Even within a country, there may be more than one regulatory or supervisory body to contend with. In the UK, for example, while the Financial Conduct Authority (FCA) clarified guidance for firms outsourcing to the ‘cloud’ and other third-party IT services in July 2018, stating in its September 2018 ‘Regulation round-up’: “Overall, we did not identify significant concerns,” the Bank of England’s Prudential Regulation Authority (PRA), which has different statutory objectives, continues to research the situation but has not come out with specific regulation on cloud to date.

This complexity has been acknowledged and is being addressed, with efforts being made now to reduce or align the differing regulatory jurisdictions on whose cloud guidelines banks rely.

For example, at the end of July 2018 the FCA announced in an amendment to its FG16/5 guidance that UK banks, building societies, designated investment firms and IFPRU investment firms should ignore its domestic guidelines and instead refer to the EBA’s Cloud Recommendations.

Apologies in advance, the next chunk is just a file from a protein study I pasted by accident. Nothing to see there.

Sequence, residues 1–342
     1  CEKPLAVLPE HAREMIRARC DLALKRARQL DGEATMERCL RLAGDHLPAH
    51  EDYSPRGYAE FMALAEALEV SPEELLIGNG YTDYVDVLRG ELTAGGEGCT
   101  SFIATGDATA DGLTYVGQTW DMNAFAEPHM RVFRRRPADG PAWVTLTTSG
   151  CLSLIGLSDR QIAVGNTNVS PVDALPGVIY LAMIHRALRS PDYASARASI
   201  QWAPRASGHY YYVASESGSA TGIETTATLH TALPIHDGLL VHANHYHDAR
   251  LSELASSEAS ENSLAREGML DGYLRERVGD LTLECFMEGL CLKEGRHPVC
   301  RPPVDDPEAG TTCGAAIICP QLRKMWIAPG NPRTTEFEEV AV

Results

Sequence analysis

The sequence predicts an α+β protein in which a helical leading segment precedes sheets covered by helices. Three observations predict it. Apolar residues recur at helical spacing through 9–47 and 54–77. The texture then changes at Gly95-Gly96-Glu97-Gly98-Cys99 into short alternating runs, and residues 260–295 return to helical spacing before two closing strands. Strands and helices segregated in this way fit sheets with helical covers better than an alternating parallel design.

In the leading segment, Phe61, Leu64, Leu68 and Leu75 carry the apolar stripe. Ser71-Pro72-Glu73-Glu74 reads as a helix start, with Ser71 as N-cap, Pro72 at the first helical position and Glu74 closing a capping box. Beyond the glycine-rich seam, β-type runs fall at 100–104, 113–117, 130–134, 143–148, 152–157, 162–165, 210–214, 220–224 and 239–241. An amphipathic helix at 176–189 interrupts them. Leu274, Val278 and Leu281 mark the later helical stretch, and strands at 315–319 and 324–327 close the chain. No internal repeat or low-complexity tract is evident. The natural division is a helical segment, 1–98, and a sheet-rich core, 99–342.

The Need for Clarity

The “guidance” issued by the regulators over the past two or three years aimed to set out best practice and expected standards – but it lacked clarity and left a good deal of uncertainty among banks as well as their cloud partners.

When the EBA issued new guidance on outsourcing to the cloud at the end of 2017, in a 78 page document, it was ‘principles-based’ and was challenged by banks and service providers for lacking the kind of detail they needed to ensure cloud polices were compliant.

The good news is that the EBA is responding to these concerns. It held further consultations to get additional feedback on its recommendations. The final document, planned for release in Q2 2019, will update the EBA 2017 recommendations and also the Committee of European Banking Supervisors (CEBS) outsourcing guidelines.